Some like it hot: Dynamic member experiences inspired by hot yoga

If you follow me on Facebook or Twitter with any regularity, you know I practice yoga just about five days a week. The Funky Buddha Yoga Hothouse in Grand Rapids, Mich. offers Baptiste-style power Vinyasa – and this is where I practice. It is a challenging, flowing workout that produces extraordinary results while remaining accessible to all skill levels and abilities.

Power yoga isn’t about bending you into a pretzel or forcing you to chant. It’s about challenging you to reach your fullest potential. But that’s not all. The studio is hot. Like 95 degrees hot. Like Norwegian sauna hot. Essentially, the space is regulated to maintain July temperatures all year long. The rationale is simple: Heat purifies, improves flexibility, protects from injury and torches calories.

Now, by no means am I the most athletic, the most physically fit or the most flexible person to practice yoga. I never even considered yoga until passing the studio several consecutive days last summer. Each day (weather permitting), a chalkboard easel was placed just outside the studio’s front entrance donning a short, witty phrase (today, for example, the message board read: “spring into yoga”).

After about a week, I noted the studio’s website and decided to check it out. What I found was a very welcoming community. To this day, the landing page reads: “We love beginners. You take the first step. We’ll help you take the rest.” And so I did. I’ve been practicing now—on and off—for about nine months. In that time, a number of important themes have surfaced from my practice:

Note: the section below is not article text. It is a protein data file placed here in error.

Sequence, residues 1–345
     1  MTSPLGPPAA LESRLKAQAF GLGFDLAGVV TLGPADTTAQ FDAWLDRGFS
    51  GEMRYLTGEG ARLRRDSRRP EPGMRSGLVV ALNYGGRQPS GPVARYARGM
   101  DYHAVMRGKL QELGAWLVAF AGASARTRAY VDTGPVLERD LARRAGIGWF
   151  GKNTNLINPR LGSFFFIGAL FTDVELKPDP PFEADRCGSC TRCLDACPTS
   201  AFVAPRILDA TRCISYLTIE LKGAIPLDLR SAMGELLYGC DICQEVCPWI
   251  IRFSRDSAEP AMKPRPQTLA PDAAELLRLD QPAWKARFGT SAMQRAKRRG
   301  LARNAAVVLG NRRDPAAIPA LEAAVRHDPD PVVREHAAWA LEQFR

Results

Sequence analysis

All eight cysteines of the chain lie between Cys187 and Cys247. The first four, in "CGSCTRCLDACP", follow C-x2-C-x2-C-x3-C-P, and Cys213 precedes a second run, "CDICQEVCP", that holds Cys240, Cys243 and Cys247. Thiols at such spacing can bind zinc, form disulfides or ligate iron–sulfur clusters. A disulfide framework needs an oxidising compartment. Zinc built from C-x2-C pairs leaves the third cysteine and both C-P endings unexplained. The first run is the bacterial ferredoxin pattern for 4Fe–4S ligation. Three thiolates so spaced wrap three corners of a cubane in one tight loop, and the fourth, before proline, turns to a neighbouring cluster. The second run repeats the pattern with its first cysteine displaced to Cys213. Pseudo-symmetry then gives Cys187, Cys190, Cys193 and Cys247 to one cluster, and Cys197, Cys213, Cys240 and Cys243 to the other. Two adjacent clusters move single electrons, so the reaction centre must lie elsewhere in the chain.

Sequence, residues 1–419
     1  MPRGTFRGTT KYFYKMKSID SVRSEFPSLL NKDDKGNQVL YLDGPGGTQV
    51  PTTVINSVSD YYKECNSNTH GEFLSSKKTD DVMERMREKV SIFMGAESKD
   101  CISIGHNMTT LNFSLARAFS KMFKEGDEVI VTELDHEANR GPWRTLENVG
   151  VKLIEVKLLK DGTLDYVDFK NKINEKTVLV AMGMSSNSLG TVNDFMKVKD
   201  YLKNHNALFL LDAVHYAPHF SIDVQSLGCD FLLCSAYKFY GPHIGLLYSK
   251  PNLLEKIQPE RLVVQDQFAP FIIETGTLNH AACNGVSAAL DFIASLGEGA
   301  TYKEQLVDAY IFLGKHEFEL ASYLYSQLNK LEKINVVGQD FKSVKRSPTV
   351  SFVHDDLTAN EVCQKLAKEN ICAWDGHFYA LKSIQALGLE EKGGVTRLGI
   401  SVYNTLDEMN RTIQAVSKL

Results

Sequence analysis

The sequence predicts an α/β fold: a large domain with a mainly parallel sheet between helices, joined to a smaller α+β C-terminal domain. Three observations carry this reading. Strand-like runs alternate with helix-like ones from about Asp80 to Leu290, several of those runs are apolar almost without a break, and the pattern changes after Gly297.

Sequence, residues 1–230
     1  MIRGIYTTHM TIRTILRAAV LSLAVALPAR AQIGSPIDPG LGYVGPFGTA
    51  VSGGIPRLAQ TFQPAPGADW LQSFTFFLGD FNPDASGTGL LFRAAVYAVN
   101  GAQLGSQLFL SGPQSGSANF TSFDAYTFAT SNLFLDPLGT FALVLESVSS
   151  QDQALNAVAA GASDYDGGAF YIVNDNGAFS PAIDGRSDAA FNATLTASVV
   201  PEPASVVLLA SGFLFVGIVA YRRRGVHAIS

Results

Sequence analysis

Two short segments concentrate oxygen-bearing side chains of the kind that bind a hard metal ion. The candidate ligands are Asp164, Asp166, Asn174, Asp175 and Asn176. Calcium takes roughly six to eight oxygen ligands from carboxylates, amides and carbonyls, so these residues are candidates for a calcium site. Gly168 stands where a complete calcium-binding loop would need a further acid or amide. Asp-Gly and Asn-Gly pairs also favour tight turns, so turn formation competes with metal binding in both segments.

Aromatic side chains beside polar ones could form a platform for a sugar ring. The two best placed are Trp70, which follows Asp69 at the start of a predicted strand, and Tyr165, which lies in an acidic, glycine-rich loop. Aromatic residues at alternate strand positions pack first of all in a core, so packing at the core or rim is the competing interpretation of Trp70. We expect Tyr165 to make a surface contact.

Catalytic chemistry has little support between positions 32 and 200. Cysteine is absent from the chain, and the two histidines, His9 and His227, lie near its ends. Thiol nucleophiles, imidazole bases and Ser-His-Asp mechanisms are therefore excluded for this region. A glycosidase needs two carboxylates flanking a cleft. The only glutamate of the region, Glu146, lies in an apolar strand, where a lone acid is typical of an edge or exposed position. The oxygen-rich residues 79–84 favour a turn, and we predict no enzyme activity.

1. Acceptance. From the very first time I stepped foot into the studio, I have not only been welcomed (feeling genuinely at home and among friends), I have experienced acceptance for who I am, what I bring to my mat, what I have the ability to do (or not do) and what I have to share with my fellow yogis (a label I quietly resist given my current experience level).
  2. Growth. Each class provides a new opportunity to grow—both physically and emotionally. When I consider my progress from moment to moment, the growth is small (sometimes too small to notice). However, when I pull back and examine my growth from week to week or even from month to month, the changes in my body, my abilities and my mind are staggering.
  3. Clarity. Both on and off the mat, I find improved clarity in my thoughts. And not through chanting or meditation. The determination and discipline required each day to tune out the world for a solid 75 minutes while I focus on me, my breathing and my practice results in clearer thoughts outside of the studio relative to my life, my relationships and my work.
  4. Refinement. Type A. Enough said, right? I’m a perfectionist and I like to do things “right.” The same is true on my mat, as well. Unfortunately, forcing your body into a pose is a sure-fire way to prevent its fullest possible expression (and can even result in injury). In fact, it’s only when you settle into a pose, embrace the discomfort and focus on tiny micro movements can you recognize and deliver true refinement.
  5. Destiny. Not to sound melodramatic, but you only get out of yoga what you put into it. Sure, we have instructors and assistants to support our practice and to co-create our poses; however, a majority of the practice is left up to us—to challenge ourselves to our edge (and, sometimes, beyond); to take care of ourselves; and to apply these lessons to life outside the studio, as well.